Roll-over mitigation is nothing more than a yaw sensor mounted on its side. It measures the amount and rate of roll along the vehicles horizontal axis. What is amazing is the programming that takes the information and turns it into corrections performed by the brakes through the hydraulic control unit.
Teknikens Värld is like the Consumer Reports of Sweden and when they test cars they perform the moose test where a vehicle has to perform a sudden lane change and panic stop to avoid a moose. When they performed the test on the Jeep Cherokee they had some alarming results
“The car was tested in the same way as thousands of other cars have been tested by Teknikens Värld over the years. Loaded (driver, passenger and anchored sandbags with a low center of gravity in the boot) in accordance to Jeep’s specifications for maximum payload, the factory installed original tires filled with the amount of air pressure as specified by Jeep (also confirmed by Jeep/Chrysler) and all safety systems such as electronic stability control and anti-rollover system turned on. Jeep Grand Cherokee has air suspension and we put this in Auto mode, a setting that most Grand Cherokee owners use when they drive their car.”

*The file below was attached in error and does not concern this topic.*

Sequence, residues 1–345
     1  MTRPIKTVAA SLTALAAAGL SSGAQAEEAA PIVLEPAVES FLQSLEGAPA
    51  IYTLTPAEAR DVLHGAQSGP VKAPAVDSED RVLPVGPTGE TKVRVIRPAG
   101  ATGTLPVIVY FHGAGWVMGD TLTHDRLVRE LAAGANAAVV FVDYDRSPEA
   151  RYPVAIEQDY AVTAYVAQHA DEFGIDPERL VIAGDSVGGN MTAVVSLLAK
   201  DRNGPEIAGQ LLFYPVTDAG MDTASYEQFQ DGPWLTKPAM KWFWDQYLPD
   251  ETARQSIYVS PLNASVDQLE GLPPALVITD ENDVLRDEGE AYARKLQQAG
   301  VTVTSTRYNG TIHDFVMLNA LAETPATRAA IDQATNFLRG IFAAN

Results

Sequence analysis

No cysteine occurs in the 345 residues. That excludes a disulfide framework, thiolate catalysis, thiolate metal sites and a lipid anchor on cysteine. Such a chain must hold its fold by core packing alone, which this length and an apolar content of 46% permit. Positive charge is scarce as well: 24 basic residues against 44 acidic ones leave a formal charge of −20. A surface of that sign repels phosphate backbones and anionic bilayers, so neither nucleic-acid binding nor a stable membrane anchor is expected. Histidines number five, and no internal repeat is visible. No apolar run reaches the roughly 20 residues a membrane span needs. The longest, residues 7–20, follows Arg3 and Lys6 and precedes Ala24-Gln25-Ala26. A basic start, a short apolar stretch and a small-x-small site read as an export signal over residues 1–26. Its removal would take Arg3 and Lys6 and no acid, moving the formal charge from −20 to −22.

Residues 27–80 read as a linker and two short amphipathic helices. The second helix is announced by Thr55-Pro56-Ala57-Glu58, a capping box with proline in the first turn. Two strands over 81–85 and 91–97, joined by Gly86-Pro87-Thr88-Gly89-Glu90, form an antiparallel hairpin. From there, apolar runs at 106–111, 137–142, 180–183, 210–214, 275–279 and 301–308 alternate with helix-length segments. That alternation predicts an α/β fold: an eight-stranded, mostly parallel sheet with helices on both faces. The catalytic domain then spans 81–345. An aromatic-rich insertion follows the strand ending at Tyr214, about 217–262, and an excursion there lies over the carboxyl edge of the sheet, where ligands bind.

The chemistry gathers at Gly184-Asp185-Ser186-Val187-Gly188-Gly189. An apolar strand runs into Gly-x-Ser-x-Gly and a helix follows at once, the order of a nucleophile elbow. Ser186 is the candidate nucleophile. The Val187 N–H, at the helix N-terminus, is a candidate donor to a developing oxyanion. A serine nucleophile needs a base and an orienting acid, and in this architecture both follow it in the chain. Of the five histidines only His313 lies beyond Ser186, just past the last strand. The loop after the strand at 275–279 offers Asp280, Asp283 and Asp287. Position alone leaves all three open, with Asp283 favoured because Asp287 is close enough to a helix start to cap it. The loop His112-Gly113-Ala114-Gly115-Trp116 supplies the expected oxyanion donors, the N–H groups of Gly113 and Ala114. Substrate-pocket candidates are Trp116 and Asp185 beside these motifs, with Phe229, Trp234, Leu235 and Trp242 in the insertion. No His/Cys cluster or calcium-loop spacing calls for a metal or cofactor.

While the Jeep never rolled, it was very unstable and managed to blowout the tire on the left front six times. Looking at the design of the vehicle it does not differ that dramatically from the VW and Volvo they tested.
In my estimate, the problem here is the ESC and roll-over mitigation system software. The roll-over mitigation would decrease the hydraulic pressure to the wheel that has the most weight loaded on it. In the case of the Jeep, it would be the right front and then the left front during the maneuver. The braking force is then transfered to the other wheels.
But, it appears the calibration for the Jeep is a little off. The good news is that this can be corrected with software and not mechanical parts.